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A deciduous tree usually to 15 m. Bark green when young, turning grey to brown with age, smooth. Branchlets glabrous, purplish red or greenish, turning darker. Buds, ovoid, with four pairs of imbricate scales. Leaves broadly pentagonal in outline, base cordate to cuneate, (five-) seven (-nine) lobed, 8–15 × 9–22 cm, lobes ovate, apically acute or acuminate, margins serrulate with acuminate teeth, upper surface mid green, lower surface paler, glabrous except for tufts in vein axils; petiole 4–5 cm long, red to green, glabrous; autumn colours yellow to purple. Inflorescence, terminal, paniculate, many flowered. Flowers 5-merous, usually dioecious, pedicels long and slender, stamens eight, inserted in the middle of the pubescent nectar disc, ovary pilose. Samaras 2.3 to 2.8 cm long, wings spreading nearly horizontally. Nutlets ovoid. Flowering May, with unfolding leaves, fruiting in September, October (Xu et al. 2008).
Distribution Bhutan Myanmar China Southern Sichuan, southern Xizang, northwestern Yunnan India Northern regions Nepal
Habitat Mixed forests between 1800 and 3700 m.
USDA Hardiness Zone 7-8
RHS Hardiness Rating H4
Conservation status Least concern (LC)
A deciduous tree 50 to 60 ft high, young shoots glabrous, reddish at first. Leaves 3 to 5 in. long, 4 to 7 in. wide, five- or seven-lobed with a slightly heart-shaped base; the lobes ovate, terminating in a slender tail-like point where they are sharply toothed (lower down they become indistinctly toothed or quite entire); green on both surfaces and glabrous except on the veins beneath when quite young, soon reduced to a few hairs where the blade joins the stalk; stalk reddish, 11⁄2 to 3 in. long. The flowers are borne at the end of leafy shoots in May on a slender panicle up to 6 in. long, sepals yellowish, petals white, stamens eight. Fruits glabrous, 11⁄2 to 2 in. across the wings, which spread at an angle of 150°.
Native of the Sikkim Himalaya up to 10,000 ft altitude; it was found and introduced by Sir Joseph Hooker during his Himalayan journeys (1847-51), and several times since, but owing to its tenderness has never become really established. At Caerhays Castle, Cornwall, there is a specimen of 43 × 23⁄4 ft (1966), and others at Trewithen in the same county and at Mount Usher, Co. Wicklow, Eire. Although certainly on the tender side, the strain now available may be hardier than the older introductions. A bushy specimen at Westonbirt attained a height of about 30 ft and survived the hard winters of the early sixties, but was recently smashed by a falling tree. The young foliage is beautifully tinted red.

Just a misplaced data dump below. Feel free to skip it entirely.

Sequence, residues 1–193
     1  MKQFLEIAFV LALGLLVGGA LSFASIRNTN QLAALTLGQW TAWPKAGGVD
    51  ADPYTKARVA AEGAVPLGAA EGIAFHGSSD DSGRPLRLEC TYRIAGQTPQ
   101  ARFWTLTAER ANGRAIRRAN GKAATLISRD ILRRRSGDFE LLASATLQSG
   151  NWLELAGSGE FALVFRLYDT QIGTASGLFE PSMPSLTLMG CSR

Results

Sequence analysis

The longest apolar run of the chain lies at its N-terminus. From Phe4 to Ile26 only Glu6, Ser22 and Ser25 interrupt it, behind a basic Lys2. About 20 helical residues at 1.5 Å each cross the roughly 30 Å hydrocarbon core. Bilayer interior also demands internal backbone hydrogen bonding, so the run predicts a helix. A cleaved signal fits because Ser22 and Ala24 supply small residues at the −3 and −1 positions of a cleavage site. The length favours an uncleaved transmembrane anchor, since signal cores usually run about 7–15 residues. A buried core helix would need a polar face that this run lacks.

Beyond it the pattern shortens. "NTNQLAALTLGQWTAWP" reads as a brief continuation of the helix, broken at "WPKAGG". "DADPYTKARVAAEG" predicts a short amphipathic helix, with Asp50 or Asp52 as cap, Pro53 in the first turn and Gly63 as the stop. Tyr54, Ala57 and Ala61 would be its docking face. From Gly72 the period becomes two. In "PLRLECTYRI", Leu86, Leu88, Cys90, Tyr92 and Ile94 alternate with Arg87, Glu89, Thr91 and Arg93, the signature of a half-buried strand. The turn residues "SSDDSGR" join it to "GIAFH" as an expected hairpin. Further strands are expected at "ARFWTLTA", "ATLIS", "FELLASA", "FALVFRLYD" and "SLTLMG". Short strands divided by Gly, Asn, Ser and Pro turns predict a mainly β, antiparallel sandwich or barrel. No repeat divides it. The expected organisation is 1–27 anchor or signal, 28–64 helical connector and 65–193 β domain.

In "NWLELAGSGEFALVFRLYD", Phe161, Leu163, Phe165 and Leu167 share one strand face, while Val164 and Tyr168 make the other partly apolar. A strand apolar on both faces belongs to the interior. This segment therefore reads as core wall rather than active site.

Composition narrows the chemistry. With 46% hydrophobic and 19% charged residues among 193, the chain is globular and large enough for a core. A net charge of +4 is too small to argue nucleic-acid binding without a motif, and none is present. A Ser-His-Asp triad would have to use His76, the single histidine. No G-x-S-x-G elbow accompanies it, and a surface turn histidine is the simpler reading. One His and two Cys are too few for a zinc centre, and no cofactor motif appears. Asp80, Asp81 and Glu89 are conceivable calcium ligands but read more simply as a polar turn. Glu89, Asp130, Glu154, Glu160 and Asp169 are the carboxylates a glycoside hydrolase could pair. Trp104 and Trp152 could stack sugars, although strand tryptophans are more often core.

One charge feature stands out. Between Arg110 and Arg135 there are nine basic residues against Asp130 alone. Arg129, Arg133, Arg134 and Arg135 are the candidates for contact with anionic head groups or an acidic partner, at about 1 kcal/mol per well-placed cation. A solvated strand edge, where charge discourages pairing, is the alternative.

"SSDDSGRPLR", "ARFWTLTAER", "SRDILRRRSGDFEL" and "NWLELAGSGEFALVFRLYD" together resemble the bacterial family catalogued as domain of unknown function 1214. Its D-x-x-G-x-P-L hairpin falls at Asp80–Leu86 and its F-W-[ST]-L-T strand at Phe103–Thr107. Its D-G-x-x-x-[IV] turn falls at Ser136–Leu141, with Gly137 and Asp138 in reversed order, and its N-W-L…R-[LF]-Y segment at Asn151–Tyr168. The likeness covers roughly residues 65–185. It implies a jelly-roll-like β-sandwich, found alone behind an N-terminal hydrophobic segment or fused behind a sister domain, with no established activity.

This species attains a height of 100 ft in the wild, when growing in virgin forest. Its distribution is wider than given on page 188, from western Nepal to Burma. It has a large altitudinal range and would probably be hardy if collected near its upper limit. A tree growing in a garden near Haslemere, raised from seed received from Messrs Ghose of Darjeeling in 1965, never starts into growth until the end of May but ripens its wood well and has never suffered winter damage. This is almost certainly from a cold temperate area of Sikkim. Its large leaves are deeply lobed, but Roy Lancaster notes that on mature wild trees the leaves become smaller and less deeply lobed.
† A. craibianum Delendick A. isolobum Kurz, not Massalongo – One of the most tropical maples, belonging to the same group as A. campbellii. A large tree with deeply three-lobed leaves, a native of Thailand and bordering parts of Burma.
A. flabellatum - Synonym: A. campbellii subsp. flabellatum (Rehd.) E. Murray.
A. campbellii var. yunnanense Rehd